Should You Buy or Rent?

Posted October 28th, 2010
by HomeownersInsurance.org Staff (no comments)

The housing market has taken such a beating during the economic crisis that many are now recommending that people rent instead of buying a home. This advice is founded primarily on current economic factors that will change over time, but there is plenty of opposition to this viewpoint as well.

  1. Credit is harder to come by. If you don’t have perfect credit, you may find it hard to qualify for a home loan right now. Be patient, save up your money for a down payment, and don’t rent the largest home you can afford. Instead, be frugal with your renting dollars and put more toward your savings until the time is right for you to buy.
  2. Renting will make you poor. In the long run, making monthly rent payments you’ll never see again is a sure way to put yourself into the poor house. Homeowners make monthly mortgage payments and build equity instead. That equity can be leveraged when tough times call for borrowing.
  3. The true cost of ownership. Add up all the costs involved with buying a home. There is a large outlay of cash up front, which usually includes a down payment, points, and closing costs. In addition, there will be homeowners insurance premiums, property taxes, and the cost of maintenance and repairs. Before you buy, make sure you have enough financial reserves to cover these expenses.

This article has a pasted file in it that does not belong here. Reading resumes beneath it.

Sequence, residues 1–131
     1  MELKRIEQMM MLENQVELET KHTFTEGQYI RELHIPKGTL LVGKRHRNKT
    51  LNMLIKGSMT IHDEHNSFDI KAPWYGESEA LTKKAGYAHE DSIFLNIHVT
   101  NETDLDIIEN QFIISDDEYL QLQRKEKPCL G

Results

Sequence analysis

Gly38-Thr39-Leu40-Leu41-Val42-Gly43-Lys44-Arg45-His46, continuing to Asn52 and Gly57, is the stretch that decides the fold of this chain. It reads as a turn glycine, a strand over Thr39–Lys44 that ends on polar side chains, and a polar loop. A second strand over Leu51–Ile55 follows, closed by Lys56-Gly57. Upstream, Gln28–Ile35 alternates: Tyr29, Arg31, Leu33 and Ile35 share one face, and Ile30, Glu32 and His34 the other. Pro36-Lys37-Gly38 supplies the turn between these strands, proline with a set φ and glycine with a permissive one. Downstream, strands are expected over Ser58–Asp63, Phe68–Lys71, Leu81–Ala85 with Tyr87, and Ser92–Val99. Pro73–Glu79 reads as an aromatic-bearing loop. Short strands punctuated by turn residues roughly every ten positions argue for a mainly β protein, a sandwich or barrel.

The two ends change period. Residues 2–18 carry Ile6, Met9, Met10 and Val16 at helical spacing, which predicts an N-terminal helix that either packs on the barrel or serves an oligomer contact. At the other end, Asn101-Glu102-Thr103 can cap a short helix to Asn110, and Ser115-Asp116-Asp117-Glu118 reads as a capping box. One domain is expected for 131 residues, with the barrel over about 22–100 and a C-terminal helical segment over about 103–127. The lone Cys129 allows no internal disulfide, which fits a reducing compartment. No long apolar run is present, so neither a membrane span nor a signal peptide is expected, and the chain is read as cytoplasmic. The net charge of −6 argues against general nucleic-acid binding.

4. How to build wealth. Homeowners build wealth in two ways. First, the mortgage payments are like a forced savings plan. Second, home values appreciate over time. While these two factors do not reliably produce wealth over the short term, they are usually expected to have long term payoffs. With housing prices as low as they are, buying a home now is more likely to result in higher appreciation over the next ten years.
  5. Cost offsets. There are tax breaks and other benefits of homeownership that help to offset the costs. Although the first-time homeowner tax credit has expired, you may be able to find down payment assistance if you buy in certain areas that have been hit hard by foreclosure.
  6. Time is the key. If you are planning to move within the next few years, renting may still be the best option. The New York Times comparison calculator shows that it may take as many as six years to break even when purchasing a home.

The decision to rent or buy is a personal one, and the timing will be based on your personal situation. Just don’t expect to rent over the long term and still come out wealthy on the other side. At some point, everyone who can afford to should buy a home they can call their own

Categories: Advice

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